Jonathan Moody has a vague recollection of his preschool class making a field trip to the Karl Road Branch of the Columbus Metropolitan Library and being aware he had a special connection to the building.

After all, his father, Curtis Moody, designed the structure.

"I was telling people you could say that was one of my first architectural experiences," Jonathan Moody, who now is president of the firm his father founded in 1982. "That was the first time I think I understood enough what my dad did to explain it to others."

"That was early in his development," Curtis Moody said. "He got to go into that library complete, one of the first of my projects he was able to experience that way."

Moody Nolan, renamed from the original Moody and Associates after Curtis Moody joined forces with the late Howard Nolan's engineering company, is the nation's largest African American-owned architectural firm.

And Jonathan Moody has a two-in-three chance of being the architect to design a replacement for the building on Karl Road that his father designed.

Curtis Moody has a one-in-three chance of succeeding himself.

"Who knows?" he said.

Representatives from Moody Nolan and library staff members will be on hand for a Feb. 28 design meeting from 5:30 to 7 p.m. that will allow patrons to weigh in on what they'd like to see when the 30-year-old branch is replaced, probably in early 2021.

The branch is located at 5590 Karl Road.

"The way we're doing it, we have a design process called the nine-square ... where we generate nine different options for the same project," Curtis Moody said.

"Jonathan will develop the majority of those ideas. I and maybe some others will develop some and then with the client, we'll see which ones meet the overall objective of the form of the building as well as the function of the building."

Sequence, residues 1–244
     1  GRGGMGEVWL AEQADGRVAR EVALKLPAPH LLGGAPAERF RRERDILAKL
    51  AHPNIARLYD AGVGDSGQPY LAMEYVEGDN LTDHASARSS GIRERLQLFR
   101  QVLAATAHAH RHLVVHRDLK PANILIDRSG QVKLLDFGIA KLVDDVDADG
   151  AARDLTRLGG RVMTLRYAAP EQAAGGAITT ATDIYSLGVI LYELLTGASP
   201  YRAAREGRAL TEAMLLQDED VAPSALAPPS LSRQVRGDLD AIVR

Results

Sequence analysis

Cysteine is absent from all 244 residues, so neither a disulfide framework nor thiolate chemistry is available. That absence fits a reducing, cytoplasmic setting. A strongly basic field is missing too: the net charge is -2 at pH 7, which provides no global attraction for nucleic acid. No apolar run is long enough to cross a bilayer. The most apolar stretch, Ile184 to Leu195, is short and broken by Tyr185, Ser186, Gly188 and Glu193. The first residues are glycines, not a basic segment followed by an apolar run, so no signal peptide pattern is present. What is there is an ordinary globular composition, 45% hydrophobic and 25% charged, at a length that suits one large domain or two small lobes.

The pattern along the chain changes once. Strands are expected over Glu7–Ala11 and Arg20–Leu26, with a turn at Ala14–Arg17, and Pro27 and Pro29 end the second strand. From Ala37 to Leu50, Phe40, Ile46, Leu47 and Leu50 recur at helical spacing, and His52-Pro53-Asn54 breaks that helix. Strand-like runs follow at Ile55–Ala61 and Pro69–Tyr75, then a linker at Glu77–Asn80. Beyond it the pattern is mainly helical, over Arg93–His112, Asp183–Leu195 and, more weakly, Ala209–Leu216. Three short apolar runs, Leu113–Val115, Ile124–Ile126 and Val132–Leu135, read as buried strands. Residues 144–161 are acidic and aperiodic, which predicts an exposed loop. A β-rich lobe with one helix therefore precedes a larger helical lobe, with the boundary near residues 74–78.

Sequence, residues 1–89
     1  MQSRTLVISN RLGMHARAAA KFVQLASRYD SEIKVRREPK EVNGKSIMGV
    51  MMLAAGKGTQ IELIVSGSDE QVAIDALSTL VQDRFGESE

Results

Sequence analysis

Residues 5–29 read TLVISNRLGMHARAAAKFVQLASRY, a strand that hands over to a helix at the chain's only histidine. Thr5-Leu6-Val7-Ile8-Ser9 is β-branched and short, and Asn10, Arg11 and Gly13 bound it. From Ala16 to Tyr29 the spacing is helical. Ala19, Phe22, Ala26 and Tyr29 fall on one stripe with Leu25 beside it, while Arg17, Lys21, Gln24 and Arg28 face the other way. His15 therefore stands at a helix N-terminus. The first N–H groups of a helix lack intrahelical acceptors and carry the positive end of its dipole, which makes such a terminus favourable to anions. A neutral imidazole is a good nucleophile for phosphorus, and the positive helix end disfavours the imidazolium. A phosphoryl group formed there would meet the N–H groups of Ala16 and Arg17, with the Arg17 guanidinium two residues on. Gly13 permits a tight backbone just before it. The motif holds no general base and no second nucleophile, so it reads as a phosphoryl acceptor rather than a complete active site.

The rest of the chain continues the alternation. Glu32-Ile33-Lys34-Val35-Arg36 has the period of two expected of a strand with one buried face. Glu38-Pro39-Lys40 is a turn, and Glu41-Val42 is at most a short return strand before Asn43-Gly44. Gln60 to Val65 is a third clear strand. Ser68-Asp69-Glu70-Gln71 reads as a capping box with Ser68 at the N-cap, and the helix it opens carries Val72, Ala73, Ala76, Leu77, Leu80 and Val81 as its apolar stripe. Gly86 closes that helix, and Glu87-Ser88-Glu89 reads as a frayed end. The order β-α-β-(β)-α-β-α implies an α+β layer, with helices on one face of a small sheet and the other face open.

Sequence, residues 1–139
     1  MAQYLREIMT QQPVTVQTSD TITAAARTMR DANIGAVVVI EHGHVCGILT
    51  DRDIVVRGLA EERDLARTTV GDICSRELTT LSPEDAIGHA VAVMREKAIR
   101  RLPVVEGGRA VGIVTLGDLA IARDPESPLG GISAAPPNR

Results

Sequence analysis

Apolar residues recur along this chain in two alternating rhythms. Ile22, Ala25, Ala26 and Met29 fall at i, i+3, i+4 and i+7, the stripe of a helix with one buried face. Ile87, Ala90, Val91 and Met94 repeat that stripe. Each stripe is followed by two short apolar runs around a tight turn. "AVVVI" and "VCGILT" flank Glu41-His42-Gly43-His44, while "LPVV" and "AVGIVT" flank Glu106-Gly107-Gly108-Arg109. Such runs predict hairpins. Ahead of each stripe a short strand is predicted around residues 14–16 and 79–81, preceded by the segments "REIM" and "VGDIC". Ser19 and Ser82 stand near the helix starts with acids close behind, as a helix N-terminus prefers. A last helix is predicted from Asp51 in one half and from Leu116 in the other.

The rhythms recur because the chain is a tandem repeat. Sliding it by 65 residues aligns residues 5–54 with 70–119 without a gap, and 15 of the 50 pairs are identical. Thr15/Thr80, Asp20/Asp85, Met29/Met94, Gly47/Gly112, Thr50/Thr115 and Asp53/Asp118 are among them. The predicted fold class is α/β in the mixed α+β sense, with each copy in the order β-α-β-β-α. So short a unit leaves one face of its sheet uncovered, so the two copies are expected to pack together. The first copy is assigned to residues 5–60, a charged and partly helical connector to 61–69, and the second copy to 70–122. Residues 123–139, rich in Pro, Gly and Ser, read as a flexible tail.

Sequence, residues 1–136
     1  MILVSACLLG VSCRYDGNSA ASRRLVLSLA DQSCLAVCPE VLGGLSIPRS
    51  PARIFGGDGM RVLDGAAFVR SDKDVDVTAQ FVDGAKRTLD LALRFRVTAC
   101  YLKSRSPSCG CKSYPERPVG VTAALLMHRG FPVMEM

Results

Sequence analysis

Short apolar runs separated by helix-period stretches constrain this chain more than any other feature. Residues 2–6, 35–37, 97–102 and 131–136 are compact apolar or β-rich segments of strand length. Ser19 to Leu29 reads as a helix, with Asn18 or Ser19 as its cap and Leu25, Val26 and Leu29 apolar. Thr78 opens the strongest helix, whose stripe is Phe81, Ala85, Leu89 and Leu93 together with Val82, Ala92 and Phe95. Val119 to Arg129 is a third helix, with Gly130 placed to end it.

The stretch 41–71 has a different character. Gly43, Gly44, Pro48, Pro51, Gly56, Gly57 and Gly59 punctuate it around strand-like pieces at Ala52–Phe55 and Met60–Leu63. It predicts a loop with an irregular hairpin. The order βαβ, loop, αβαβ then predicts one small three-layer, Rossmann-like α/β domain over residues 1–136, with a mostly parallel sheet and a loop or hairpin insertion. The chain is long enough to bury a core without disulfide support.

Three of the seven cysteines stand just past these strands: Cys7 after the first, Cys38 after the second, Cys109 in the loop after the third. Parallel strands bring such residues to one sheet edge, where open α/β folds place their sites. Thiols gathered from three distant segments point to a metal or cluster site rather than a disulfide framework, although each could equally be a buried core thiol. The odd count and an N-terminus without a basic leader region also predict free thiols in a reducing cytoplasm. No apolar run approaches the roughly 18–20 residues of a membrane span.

Moody Nolan personnel have winnowed the nine down to three -- two by the company's president and one by the founder.

Jonathan Moody, who graduated from Northland High School in 2002, said it wasn't necessarily the case that he was destined to follow in his father's footsteps as an architect. It wasn't until he took an introductory course to architecture at Cornell University that the decision was made.

"It was like, 'Wow, this was not at all what I thought I was going to learn in school,' " Jonathan Moody said. "My dad never pressured me. I think, honestly, if he would have pushed me, I'd have done something else."

Jonathan Moody earned his bachelor's degree in architecture and Africana studies at Cornell and then went on to obtain a master's in architecture at UCLA.

The Northland neighborhood has changed a great deal since his high school days, and Jonathan Moody wants the new library to reflect that.

"Part of the reason we want this project to be successful is there's so much transition," he said. "We want this to be kind of an anchor to help this area."

"It's incredibly gratifying to see a young man who spent part of his childhood browsing our collection grow up to lead the design of our new 21st-century library," Keith Hanson, manager of Karl Road Branch, wrote in an email. "And how inspirational it is for the kids at the branch to see a Northland graduate have such a profound impact here in our community."

Regardless of which Moody's concept eventually is selected, the firm's founder said Jonathan will ultimately take the design to its conclusion.

"We're really excited about the meeting ... hoping for a good turnout," Jonathan Moody said of the Feb. 28 gathering.